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Fraud and Dishonesty


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I have a client that has maintained a 401(k) plan with me for some time. From about 2007, part of the plan's assets, which were all commingled, were invested with a certain investment firm. When my client started the account, he indicated on a preference questionnaire that he wanted the monies to be invested conservatively. It appears that the investment firm ignored his wishes and invested the plan's assets fairly aggressively. Over the last couple of years, my client has been requestng different types of paperwork from me such as, historical brokerage statements, reconciliation worksheets for those assets held by the investment firm, etc. After doing alot of research, my client decided to sue this investment firm. I received a call today from his attorney asking me about the entry on the 5500 forms filed over the years that indicates that there has been no fraud or dishonesty. He wants to know when this box would actually be checked. The opposing side is suggesting that if this box was never checked, then the Plan Sponsor felt there was never any Fraud or Dishonesty, so why is he crying foul now?

Here are my questions:

1. My contention is that you don't check the box indicating fraud and dishonesty because of a "gut feeling" that your plan's assets are not doing as well as you had anticipated and you want to blame it on the investment firm. Correct?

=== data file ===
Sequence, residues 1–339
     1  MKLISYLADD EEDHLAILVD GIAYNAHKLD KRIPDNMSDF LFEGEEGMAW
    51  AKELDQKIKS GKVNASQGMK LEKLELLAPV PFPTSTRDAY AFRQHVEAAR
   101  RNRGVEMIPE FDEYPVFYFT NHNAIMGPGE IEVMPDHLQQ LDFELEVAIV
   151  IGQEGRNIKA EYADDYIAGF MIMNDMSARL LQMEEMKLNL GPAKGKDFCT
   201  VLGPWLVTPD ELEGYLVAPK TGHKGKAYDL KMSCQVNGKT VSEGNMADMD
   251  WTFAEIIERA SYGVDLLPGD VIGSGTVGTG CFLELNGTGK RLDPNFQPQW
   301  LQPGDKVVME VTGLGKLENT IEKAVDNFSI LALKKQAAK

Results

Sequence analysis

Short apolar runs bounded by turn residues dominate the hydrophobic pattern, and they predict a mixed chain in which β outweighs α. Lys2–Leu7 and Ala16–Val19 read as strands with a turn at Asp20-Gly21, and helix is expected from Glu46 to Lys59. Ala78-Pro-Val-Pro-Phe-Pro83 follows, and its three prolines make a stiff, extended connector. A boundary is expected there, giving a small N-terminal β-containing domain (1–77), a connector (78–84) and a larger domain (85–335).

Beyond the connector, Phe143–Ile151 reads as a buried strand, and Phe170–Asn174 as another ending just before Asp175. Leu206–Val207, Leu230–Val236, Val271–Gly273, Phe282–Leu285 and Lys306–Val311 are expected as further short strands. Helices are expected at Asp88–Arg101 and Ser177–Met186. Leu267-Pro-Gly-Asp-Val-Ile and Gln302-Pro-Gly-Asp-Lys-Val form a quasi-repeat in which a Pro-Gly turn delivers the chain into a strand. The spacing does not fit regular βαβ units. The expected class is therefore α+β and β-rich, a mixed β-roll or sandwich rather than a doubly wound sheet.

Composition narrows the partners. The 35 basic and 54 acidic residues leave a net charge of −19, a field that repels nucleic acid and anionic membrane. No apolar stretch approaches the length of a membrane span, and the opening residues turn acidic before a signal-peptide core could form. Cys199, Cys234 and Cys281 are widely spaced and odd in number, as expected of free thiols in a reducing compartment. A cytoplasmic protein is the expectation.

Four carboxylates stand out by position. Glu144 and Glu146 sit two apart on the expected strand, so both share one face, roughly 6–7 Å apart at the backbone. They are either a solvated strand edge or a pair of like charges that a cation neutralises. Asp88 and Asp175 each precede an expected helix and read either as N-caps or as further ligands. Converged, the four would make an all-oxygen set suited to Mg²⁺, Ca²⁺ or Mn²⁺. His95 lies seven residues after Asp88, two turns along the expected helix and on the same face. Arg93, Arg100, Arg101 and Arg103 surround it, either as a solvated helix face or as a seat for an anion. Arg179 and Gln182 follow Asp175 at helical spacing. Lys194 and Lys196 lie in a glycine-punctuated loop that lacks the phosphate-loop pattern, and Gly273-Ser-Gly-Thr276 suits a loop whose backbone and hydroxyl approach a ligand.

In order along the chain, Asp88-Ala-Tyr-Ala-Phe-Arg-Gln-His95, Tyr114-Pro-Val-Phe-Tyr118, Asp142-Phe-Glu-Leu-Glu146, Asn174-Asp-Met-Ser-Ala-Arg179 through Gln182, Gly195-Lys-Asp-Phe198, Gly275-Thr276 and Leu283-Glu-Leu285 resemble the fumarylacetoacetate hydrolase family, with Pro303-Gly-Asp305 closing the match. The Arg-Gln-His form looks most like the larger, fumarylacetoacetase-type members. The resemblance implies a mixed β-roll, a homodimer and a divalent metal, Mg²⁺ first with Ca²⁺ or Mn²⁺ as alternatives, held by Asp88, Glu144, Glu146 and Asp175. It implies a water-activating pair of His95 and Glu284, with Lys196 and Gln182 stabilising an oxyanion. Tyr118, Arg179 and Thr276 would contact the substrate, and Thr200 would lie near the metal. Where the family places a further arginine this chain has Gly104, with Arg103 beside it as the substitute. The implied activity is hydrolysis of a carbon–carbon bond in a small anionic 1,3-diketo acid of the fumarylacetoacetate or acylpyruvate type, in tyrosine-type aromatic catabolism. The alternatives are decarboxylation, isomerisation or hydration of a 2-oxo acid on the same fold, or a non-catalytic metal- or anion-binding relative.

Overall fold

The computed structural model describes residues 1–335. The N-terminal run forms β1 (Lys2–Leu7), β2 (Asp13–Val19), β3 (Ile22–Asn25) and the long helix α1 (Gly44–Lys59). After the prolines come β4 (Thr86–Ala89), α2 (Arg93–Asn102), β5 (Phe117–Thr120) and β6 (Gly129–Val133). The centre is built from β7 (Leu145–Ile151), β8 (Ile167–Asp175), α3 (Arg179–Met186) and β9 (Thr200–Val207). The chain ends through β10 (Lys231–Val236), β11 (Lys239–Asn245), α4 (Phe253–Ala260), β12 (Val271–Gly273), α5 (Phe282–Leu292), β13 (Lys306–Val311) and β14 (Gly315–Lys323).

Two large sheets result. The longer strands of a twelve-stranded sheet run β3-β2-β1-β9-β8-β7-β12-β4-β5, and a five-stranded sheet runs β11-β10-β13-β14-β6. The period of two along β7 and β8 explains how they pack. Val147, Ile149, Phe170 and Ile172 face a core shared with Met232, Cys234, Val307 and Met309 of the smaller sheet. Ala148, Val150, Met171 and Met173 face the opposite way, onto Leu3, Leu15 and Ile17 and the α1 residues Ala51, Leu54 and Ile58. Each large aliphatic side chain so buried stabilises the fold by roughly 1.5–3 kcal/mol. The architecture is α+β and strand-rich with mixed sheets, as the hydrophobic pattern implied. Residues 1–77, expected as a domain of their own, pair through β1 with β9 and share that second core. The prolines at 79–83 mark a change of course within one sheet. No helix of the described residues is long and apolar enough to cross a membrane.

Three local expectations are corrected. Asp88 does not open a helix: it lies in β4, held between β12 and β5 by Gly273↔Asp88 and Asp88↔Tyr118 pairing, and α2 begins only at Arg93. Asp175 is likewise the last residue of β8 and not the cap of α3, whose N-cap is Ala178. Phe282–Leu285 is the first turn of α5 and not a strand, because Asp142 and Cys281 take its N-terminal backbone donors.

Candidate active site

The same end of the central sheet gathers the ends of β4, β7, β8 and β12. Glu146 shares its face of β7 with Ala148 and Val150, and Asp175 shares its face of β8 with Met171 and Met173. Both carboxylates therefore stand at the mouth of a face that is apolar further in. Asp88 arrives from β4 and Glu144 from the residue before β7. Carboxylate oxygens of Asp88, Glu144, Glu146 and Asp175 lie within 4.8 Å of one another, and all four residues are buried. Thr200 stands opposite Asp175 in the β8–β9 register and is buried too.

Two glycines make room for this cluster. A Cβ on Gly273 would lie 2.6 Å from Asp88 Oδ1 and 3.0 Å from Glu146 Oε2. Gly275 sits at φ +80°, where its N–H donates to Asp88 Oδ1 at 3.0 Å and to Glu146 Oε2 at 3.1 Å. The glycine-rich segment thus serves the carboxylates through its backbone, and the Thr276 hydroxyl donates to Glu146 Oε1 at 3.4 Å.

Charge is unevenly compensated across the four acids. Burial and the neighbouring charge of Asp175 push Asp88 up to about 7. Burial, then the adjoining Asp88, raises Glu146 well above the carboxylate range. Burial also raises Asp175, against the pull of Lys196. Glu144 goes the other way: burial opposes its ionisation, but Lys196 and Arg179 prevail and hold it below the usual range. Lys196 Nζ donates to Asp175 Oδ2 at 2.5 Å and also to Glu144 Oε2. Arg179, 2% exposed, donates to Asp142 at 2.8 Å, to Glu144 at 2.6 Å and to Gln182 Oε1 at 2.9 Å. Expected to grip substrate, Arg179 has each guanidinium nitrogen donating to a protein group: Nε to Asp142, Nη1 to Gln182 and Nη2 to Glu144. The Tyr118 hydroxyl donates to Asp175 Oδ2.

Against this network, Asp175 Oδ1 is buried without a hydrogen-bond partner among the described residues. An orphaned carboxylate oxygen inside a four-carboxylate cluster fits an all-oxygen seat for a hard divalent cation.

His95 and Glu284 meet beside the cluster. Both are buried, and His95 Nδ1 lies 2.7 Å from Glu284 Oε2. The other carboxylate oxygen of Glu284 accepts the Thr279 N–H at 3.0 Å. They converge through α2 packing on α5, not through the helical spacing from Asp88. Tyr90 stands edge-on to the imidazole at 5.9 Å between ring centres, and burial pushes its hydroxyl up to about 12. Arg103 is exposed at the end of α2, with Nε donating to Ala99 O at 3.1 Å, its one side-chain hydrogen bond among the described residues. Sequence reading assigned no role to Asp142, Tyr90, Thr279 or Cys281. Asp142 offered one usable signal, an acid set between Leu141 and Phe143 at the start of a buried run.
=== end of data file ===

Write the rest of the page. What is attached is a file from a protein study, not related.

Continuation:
2. Not having received any indication from the plan sponsor other than having me gather historical information and his suspicion that the investment firm might not have followed his instructions, I checked "no" for every 5500 I prepared. Do you agree the correct approach was taken?

3. What would need to occur for that Fraud and Dishonesty box to be checked? Does there have to be something definitive from the courts? A judgement against the injuring party? Is the IRS clear as to what constitutes Fraud and Dishonesty so that the box would be checked with a "yes"? If you know, please direct me to where the IRS says this.

Thanks for the help,


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I agree with you. I believe that the "fraud and dishonesty" losses they are talking about are, in layman's terms, some kind of theft, not failure to follow investment instructions.

Claiming that failure to check that box makes the case invalid is incredibly weak. Not that it's easy to prove that investment instructions weren't followed either.

Ed Snyder

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I'm a retirement actuary. Nothing about my comments is intended or should be construed as investment, tax, legal or accounting advice. Occasionally, but not all the time, it might be reasonable to interpret my comments as actuarial or consulting advice.

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